US bans Russia from making dollar payments on its debts

The US Treasury will not allow payments on Russia’s public debt from accounts with US financial institutions to be made in dollars, limiting one of the strategies President Vladimir Putin has used to avoid default, an agency official said Tuesday.

Russia has until April 4 to make other payments on its public debt. The Kremlin must now choose between depleting its remaining valuable dollar reserves, seeking new revenue or not paying, added the official, who spoke on condition of anonymity because he was not authorized to speak officially.

The Treasury’s decision came after the agency said sanctions imposed on Russia for its invasion of Ukraine would still allow Russia to continue paying its dollar debt. These debts, among others, came from foreign investors and came from government investments aimed at stimulating economic growth in Russia.

Russia is currently experiencing skyrocketing inflation, shortages of essential goods and disrupted trade with the rest of the world as its invasion of Ukraine continues.

Although the ruble recovered from a slump after the United States and its European allies moved to punish Russia’s economy, Putin is using extreme financial measures to ease Western sanctions and inflate his currency.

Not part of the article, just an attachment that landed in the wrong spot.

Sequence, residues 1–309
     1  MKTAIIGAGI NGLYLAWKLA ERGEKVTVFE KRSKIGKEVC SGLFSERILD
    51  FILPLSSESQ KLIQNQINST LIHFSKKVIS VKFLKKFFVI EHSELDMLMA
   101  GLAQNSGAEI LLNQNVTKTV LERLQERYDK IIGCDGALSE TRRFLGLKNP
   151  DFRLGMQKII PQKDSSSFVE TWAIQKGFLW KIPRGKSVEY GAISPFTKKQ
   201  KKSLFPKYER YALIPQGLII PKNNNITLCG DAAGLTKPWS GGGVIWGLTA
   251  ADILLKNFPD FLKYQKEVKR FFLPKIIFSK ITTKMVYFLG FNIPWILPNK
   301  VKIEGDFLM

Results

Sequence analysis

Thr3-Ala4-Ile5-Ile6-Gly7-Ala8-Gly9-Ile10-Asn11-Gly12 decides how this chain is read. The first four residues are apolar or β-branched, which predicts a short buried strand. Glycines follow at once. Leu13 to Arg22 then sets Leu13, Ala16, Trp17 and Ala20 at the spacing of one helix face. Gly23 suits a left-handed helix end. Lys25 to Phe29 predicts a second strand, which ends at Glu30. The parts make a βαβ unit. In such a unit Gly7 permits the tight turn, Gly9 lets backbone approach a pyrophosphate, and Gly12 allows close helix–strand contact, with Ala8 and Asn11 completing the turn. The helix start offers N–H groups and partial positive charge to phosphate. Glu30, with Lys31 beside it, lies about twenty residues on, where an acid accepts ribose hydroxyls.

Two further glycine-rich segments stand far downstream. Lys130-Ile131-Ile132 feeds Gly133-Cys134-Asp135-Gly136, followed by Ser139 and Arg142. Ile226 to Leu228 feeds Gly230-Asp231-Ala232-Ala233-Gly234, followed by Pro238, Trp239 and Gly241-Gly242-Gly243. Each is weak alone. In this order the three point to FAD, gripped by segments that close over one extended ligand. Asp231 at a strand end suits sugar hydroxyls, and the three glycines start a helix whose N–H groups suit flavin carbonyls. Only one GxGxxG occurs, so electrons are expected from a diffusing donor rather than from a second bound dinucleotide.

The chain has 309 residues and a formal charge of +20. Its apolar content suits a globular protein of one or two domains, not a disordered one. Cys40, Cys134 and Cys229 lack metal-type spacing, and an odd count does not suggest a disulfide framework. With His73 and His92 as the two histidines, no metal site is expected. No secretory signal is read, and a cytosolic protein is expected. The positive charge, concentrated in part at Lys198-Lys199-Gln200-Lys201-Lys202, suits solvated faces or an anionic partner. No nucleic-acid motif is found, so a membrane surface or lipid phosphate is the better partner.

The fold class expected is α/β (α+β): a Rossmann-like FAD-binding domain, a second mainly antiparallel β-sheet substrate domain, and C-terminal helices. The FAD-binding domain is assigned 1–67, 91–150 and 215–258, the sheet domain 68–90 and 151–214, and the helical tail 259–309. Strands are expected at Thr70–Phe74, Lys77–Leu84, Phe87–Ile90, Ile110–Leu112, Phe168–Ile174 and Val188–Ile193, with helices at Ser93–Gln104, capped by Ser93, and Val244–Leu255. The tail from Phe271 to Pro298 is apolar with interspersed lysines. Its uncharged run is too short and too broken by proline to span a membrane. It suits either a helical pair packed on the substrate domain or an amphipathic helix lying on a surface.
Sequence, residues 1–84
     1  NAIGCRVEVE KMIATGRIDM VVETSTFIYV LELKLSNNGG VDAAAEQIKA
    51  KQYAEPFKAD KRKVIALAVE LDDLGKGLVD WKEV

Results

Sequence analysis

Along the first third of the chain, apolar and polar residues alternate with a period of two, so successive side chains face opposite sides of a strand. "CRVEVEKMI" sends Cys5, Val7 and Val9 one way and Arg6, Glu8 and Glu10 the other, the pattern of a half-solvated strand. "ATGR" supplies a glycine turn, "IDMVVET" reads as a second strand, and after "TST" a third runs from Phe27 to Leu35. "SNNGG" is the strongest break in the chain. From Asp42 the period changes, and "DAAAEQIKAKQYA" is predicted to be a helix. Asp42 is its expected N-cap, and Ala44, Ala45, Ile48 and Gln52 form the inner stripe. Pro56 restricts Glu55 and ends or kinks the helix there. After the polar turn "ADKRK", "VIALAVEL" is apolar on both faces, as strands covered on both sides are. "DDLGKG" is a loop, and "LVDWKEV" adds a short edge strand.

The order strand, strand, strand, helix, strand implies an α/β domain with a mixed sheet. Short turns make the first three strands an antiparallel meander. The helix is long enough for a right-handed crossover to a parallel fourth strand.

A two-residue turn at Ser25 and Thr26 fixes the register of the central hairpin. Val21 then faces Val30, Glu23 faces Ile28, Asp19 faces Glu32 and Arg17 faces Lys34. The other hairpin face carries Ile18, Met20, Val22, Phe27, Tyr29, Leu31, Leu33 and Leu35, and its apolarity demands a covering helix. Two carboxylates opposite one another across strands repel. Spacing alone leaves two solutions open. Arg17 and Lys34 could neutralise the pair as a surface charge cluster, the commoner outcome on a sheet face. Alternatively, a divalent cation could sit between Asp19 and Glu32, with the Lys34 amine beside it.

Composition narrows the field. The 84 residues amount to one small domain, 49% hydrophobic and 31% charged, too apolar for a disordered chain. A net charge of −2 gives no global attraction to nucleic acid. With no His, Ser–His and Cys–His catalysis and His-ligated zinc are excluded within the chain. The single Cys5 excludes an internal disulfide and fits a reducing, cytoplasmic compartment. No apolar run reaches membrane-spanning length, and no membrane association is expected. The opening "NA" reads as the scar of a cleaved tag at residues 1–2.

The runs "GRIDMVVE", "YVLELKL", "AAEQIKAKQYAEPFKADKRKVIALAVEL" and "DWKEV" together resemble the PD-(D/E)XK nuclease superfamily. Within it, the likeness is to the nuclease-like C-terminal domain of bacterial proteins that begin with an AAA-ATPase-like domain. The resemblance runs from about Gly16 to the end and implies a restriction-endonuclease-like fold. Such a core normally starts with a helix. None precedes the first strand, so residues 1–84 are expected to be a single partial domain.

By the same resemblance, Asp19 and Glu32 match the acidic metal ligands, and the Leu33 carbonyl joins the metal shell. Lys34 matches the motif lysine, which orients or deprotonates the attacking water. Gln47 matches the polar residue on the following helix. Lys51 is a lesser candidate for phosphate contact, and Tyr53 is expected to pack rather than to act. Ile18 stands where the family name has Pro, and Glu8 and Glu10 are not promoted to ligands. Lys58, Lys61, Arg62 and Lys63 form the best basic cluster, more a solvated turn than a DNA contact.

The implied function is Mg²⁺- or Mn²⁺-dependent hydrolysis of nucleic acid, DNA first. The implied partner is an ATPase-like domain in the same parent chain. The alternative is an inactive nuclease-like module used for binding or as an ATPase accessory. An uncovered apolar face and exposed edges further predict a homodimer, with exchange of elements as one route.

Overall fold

Western sanctions for war include strict restrictions on banks and financial transactions with Russia. They also froze a large part of the Russian government’s foreign exchange reserves.

The West expelled major Russian banks from a system of financial transactions known as SWIFT, which is used daily to exchange billions of dollars between more than 11,000 banks and other financial institutions around the world.

It has also imposed sanctions on Russian authorities and oligarchs, as well as the country’s trade, natural resources and central bank.

The United States, European Union and Britain have limited the ability of Russia’s central bank to use more than 600,000 million dollars in foreign exchange reserves and have frozen its gold reserves. That leaves Russia’s central bank with few tools to shore up the ruble and keep it from losing value.

Sophie Wilkinson

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